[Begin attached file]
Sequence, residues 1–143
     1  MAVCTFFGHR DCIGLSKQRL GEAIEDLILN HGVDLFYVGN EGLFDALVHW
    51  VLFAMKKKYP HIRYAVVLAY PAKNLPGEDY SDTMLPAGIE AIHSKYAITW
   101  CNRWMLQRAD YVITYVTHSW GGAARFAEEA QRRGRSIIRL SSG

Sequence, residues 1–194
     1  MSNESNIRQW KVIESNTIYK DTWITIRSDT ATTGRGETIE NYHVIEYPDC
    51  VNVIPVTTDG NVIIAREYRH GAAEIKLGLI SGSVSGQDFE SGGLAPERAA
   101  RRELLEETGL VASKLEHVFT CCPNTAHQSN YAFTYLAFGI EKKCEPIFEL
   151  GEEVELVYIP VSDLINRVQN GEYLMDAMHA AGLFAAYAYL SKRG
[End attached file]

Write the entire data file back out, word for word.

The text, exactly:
Sequence, residues 1–143
     1  MAVCTFFGHR DCIGLSKQRL GEAIEDLILN HGVDLFYVGN EGLFDALVHW
    51  VLFAMKKKYP HIRYAVVLAY PAKNLPGEDY SDTMLPAGIE AIHSKYAITW
   101  CNRWMLQRAD YVITYVTHSW GGAARFAEEA QRRGRSIIRL SSG

Sequence, residues 1–194
     1  MSNESNIRQW KVIESNTIYK DTWITIRSDT ATTGRGETIE NYHVIEYPDC
    51  VNVIPVTTDG NVIIAREYRH GAAEIKLGLI SGSVSGQDFE SGGLAPERAA
   101  RRELLEETGL VASKLEHVFT CCPNTAHQSN YAFTYLAFGI EKKCEPIFEL
   151  GEEVELVYIP VSDLINRVQN GEYLMDAMHA AGLFAAYAYL SKRG